January 22, 2024

Weekly EconMinute—Employment by business size in Alberta

In this week’s EconMinute, we’re talking about employment by business size in Alberta.

Often times, when we want to know what’s driving jobs gains in the province, we look to which industries have added the most jobs. However, another consideration is how businesses of different sizes are contributing to employment growth. In other words, is it small or large businesses that have driven employment most over the last few years?

To answer this question, we split businesses into three groups based on the number of people they employ: small businesses are those with fewer than 20 employees, medium-sized businesses are those with more than 20 but fewer than 100, and big businesses are those with 100 or more.

One caveat to note is that jobs growth could be driven by one of two things (or both): one is that existing businesses add staffing, and another is that more businesses enter the market or add enough staffing to “tip” them into a different business size (or the opposite).

Based on our analysis, here’s what we found:

  • Overall, larger businesses have added the most jobs while small businesses have added the least. In fact, small businesses have just barely maintained their staffing levels of three years prior.
  • Of the 255k jobs created since 2020, 159k (62%) were in large businesses, 82k (32%) were in medium-sized businesses, and just 14k (6%) were in small businesses.
  • As a result, large businesses now account for 34% of the province’s total employment, up from 30% as of January 2020.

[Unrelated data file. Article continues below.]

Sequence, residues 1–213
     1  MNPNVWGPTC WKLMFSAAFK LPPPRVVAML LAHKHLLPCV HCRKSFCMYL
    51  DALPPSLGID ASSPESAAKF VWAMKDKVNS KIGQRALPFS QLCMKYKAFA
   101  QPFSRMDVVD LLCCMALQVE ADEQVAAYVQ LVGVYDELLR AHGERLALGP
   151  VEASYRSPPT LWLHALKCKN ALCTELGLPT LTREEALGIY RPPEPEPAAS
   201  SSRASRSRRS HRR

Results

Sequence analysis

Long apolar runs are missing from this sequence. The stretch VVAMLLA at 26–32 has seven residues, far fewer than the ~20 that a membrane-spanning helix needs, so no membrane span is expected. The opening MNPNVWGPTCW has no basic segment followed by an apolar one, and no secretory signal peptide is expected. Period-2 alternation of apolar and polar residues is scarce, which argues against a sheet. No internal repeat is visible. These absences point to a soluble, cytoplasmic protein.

• Likewise, big businesses have driven disproportionate growth nationally. Canada-wide, businesses that employ 100 people or more account for 38% of all employment (up from 35%).
  • One difference within Alberta, however, is that medium-sized businesses have seen strong growth over the last couple of years, too, though not at the pace of big businesses. As such, its share of employment remains the same at 35%. 
  • Meanwhile, small businesses—which used to be a bigger employer in Alberta than elsewhere in Canada—account for a smaller, albeit still sizable, share of employment at 31% (down from 35%).

What will happen as the labour market cools is a little unclear. Splitting these groups further shows that the largest businesses (500+ employees) have begun to cut staffing. However, more mid-sized businesses (100 to 500) continue to moderately grow. Meanwhile, smaller businesses seem set to employ a smaller share of the workforce with growth remaining subdued.   

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